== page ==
But how can we be certain that such a transformation is actually underway, that ours is indeed a time on the cusp? Is there a cogent response to the new ‘cultured despisers’ of religion — those who imagine that uncritical dogmatism, rabid intolerance, rejection of science, and fanatical violence represent the authentic character of human religiosity? What might the critics discover if they responded to Schleiermacher’s gentle prompting and entered into dialogue with those who have real insight into the human spiritual quest? Might they begin to suspect that religion and spirituality truly do evolve?

The following section briefly outlines a possible answer to these several questions in the form of four organizing themes and sixteen emerging evolutionary dynamics. These Axial markers are already beginning to guide a new generation of religious and spiritual inquiry, expression and action. As we reflect on them, each one opens a new window onto our radically changing cultural landscape.

* The Axial Markers

The old ‘nature or nurture?’ controversy points up one of the most ?e Axial Age was one of the most seminal periods of intellectual, psychological, philosophical and religious change in recorded history; there would be nothing comparable until the Great Western Transformation, which created our own scientific and technological modernity.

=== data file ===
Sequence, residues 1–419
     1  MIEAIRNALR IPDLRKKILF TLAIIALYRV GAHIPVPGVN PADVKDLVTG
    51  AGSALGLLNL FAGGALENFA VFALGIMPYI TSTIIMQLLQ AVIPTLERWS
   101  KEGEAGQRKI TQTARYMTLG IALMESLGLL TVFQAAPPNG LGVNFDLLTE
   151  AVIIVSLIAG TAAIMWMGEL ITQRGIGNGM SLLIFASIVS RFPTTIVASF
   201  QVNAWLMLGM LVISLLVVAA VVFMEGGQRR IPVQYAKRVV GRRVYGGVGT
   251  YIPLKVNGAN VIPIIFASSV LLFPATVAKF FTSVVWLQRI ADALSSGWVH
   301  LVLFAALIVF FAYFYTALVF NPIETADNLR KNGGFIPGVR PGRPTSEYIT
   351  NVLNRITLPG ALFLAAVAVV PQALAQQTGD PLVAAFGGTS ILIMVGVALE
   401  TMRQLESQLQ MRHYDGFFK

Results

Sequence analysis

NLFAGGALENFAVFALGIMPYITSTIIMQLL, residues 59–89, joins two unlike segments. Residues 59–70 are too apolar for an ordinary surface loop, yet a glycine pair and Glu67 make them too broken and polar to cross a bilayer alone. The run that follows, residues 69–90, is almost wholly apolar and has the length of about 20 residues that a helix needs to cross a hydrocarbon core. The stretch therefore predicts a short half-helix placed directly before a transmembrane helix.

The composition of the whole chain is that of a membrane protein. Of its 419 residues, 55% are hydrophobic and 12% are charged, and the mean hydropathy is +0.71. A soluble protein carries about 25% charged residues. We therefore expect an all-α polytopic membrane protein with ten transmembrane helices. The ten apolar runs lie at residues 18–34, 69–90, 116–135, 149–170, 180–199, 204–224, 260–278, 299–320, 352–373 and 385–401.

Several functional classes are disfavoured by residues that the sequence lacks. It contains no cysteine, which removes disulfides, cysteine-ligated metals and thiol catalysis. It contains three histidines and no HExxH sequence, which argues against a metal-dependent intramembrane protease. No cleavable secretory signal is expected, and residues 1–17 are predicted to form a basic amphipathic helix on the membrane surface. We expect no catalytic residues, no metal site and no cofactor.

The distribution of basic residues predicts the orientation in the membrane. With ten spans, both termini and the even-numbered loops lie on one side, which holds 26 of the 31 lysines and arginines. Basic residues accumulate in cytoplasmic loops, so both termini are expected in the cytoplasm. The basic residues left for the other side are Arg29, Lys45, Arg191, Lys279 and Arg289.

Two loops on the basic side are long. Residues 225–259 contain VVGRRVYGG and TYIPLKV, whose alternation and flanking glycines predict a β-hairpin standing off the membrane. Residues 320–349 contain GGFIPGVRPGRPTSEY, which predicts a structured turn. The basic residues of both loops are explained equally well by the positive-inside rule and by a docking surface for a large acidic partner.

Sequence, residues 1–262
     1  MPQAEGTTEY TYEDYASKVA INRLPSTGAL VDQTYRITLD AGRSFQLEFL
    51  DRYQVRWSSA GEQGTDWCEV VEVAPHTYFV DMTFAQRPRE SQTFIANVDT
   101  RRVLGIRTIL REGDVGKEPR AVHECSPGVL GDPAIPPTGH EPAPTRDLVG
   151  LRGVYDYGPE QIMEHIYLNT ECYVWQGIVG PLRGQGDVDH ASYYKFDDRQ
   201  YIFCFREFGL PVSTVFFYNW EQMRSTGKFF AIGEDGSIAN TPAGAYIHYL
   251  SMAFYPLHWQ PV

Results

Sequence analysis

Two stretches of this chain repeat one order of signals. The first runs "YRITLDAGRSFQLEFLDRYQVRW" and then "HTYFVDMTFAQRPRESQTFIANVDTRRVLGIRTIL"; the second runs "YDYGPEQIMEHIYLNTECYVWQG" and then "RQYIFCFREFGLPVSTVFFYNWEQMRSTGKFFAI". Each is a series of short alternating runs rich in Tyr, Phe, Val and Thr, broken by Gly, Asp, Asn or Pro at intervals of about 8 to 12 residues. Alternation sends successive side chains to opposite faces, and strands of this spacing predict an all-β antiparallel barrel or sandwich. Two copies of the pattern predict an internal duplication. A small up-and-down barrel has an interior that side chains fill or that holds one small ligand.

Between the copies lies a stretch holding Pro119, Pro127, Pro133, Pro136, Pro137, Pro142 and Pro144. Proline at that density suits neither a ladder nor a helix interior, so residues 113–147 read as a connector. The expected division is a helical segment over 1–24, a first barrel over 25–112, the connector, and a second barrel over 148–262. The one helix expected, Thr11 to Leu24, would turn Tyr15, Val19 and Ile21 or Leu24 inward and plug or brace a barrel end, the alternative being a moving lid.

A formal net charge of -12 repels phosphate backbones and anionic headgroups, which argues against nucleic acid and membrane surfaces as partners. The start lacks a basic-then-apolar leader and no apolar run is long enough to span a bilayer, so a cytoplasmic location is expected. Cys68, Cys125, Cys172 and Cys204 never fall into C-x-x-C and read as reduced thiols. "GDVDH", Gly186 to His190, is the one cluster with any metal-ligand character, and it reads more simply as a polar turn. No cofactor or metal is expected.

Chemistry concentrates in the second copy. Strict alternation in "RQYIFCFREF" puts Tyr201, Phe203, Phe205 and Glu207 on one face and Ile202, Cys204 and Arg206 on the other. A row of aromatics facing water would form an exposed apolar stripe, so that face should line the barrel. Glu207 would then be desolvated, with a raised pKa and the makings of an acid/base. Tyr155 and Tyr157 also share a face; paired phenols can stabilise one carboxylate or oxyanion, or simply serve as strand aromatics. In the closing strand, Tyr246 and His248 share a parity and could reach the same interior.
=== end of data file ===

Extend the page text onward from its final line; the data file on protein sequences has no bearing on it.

Today we are amid a second Axial Age and are undergoing a period of transition similar to that of the first Axial Age… All over the world, people are struggling with these new conditions and have been forced to reassess their religious traditions, which were designed for a very different type of society. ?ey are finding that the old forms of faith no longer work for them; they cannot provide the enlightenment and consolation that human beings seem to need. As a result, men and women are trying to find new ways of being religious.